Feb. 22 (Bloomberg) -- Peru’s sol rose from a three-month low after dollar inflows increased, easing a shortage of greenbacks as local banks met reserve requirements.
The sol appreciated 0.2 percent to 2.5842 per U.S. dollar at 12:50 p.m. in Lima, the most on a closing basis since Feb. 12, according to data compiled by Bloomberg. The currency closed yesterday at 2.5890, the weakest level since Nov. 23.
Demand for soles rose as exporters paid local taxes and amid a rally in global stocks after German business confidence increased to a 10-month high. Inflows alleviated a scarcity of dollars that occurred as the central bank increased purchases of U.S. currency and raised reserve requirements this month, according to Gonzalo Navarro, the head trader at the local unit of Banco Santander.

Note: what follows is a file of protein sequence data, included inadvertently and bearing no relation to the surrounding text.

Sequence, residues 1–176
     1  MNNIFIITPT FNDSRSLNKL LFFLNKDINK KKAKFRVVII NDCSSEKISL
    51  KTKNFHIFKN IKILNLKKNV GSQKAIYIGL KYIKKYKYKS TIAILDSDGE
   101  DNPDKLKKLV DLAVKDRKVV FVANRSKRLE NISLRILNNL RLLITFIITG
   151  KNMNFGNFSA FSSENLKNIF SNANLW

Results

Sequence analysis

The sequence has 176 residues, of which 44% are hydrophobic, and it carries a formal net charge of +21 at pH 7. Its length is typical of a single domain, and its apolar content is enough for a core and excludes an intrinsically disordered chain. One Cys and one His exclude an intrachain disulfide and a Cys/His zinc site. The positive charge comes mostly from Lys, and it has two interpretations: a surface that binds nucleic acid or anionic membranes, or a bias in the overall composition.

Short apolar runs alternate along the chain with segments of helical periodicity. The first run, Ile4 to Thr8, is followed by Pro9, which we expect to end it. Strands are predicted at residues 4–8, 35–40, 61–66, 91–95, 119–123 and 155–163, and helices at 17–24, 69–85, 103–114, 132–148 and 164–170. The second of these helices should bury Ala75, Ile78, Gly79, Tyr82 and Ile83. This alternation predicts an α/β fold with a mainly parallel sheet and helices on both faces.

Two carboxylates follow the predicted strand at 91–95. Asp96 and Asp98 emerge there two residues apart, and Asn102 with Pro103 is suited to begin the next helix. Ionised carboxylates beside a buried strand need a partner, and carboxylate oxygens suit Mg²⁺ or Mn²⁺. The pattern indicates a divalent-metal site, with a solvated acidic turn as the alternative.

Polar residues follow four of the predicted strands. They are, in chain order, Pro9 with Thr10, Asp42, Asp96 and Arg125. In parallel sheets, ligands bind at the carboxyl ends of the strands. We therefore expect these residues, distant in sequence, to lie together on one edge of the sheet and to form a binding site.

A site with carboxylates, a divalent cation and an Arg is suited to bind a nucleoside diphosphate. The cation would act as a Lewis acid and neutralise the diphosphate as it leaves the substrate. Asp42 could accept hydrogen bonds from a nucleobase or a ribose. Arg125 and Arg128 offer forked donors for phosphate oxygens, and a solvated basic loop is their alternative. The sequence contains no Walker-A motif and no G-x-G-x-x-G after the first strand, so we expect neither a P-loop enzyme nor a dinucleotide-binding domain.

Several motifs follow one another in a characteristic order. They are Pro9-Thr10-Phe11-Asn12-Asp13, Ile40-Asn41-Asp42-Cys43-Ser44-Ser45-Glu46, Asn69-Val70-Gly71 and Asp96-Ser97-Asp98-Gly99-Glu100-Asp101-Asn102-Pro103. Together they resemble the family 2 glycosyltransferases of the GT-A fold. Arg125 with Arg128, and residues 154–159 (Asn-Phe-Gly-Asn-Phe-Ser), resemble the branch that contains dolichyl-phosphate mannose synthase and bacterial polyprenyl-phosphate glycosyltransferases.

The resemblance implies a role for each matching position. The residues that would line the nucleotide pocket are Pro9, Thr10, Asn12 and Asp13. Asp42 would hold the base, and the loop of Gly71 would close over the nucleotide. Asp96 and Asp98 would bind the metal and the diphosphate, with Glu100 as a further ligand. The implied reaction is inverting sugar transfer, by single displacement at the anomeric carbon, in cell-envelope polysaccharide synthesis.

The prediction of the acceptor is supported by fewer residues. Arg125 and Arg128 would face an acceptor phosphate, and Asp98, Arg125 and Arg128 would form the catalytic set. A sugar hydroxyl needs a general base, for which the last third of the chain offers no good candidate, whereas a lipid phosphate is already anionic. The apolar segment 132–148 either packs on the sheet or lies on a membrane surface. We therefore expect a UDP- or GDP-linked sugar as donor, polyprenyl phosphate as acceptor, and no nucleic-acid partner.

“The rebound in international markets and the dollar flows” prompted local banks to sell some of their U.S. currency holdings, Navarro said.
The yield on Peru’s 7.84 percent sol-denominated bond due in August 2020 dropped one basis point, or 0.01 percentage point, to 3.76 percent, according to data compiled by Bloomberg. The price increased 0.06 centimo to 126.22 centimos per sol.
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